If you didn’t complete any forms and it was clear that your employer really was paying you “under the table” or what we call “off the books” (meaning no record of your existence for tax or employment purposes), that’s different. In most cases, there’s no real incentive to completely pay workers off the books unless there’s something else going on, such as the employee not having the authority to work in this country or an attempt to avoid credit obligations such as student loans or alimony. But still, it happens.
Your employer never should have offered to pay you off the books and I’m not giving him or her a pass. But the problem in this context, from a tax perspective, is that by accepting an agreement to be paid off the books, you’ve caused yourself some agita in the process. You’re definitely not paying in to Social [entity display="Security" type="section" active="true" key="/security"]Security[/entity] or Medicare which affects your ability to collect in the future. You likely haven’t been reporting on your side to the IRS or the state (that’s the point of getting paid off the books, right?) so depending on how long this has been going on, you have some catch-up to do that will likely be expensive.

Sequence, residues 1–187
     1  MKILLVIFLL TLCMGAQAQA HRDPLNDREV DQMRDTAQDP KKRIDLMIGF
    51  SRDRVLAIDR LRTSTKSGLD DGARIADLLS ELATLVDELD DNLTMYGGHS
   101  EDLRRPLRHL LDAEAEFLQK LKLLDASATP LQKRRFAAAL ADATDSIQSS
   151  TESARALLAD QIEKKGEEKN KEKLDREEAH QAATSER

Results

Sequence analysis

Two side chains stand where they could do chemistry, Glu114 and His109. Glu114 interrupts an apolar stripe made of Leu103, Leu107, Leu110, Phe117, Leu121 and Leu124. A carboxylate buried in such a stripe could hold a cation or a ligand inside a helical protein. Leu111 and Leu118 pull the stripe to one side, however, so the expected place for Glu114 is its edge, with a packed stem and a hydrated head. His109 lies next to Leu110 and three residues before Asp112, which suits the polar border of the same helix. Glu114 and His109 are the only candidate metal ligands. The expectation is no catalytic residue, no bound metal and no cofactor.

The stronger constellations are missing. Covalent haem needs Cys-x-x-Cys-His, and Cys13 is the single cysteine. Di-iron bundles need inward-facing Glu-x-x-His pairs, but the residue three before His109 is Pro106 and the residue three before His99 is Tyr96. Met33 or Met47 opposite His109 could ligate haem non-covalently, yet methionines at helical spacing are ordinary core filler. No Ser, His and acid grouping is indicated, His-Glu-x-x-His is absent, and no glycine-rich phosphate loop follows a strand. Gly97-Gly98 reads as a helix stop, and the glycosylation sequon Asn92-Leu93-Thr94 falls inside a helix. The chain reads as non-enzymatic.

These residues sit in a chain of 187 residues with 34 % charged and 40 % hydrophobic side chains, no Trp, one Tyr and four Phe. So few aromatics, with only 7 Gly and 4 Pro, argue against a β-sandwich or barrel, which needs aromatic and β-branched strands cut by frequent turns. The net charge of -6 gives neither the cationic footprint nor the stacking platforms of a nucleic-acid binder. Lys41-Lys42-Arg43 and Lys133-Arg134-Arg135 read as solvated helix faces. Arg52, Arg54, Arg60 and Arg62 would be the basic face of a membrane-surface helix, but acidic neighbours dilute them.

There may also be a difference in terms of how much money you actually received versus what your employer claims to have paid you. Again, if it’s off the books, the issue of proof is a big one. Make sure that you have excellent records.
So what should you do? That’s a personal choice. There are options if you were mistreated or misclassified. But if this really is just sour grapes because you accepted a deal that didn’t work out like you hoped, you don’t get a break for turning someone else in. My advice in many of these cases is to settle up on taxes on your end and move on. Yes, you can report your employer but I’m not really sure what that gets you, other than a bit of Schadenfreude.
Bottom line: don’t accept an offer to pay you off the books. Your employer isn’t doing you any favors and these arrangements almost always end in disaster. If and when this finally catches up with your employer, he or she won’t hesitate to throw you under the bus in much the same way you’re contemplating now.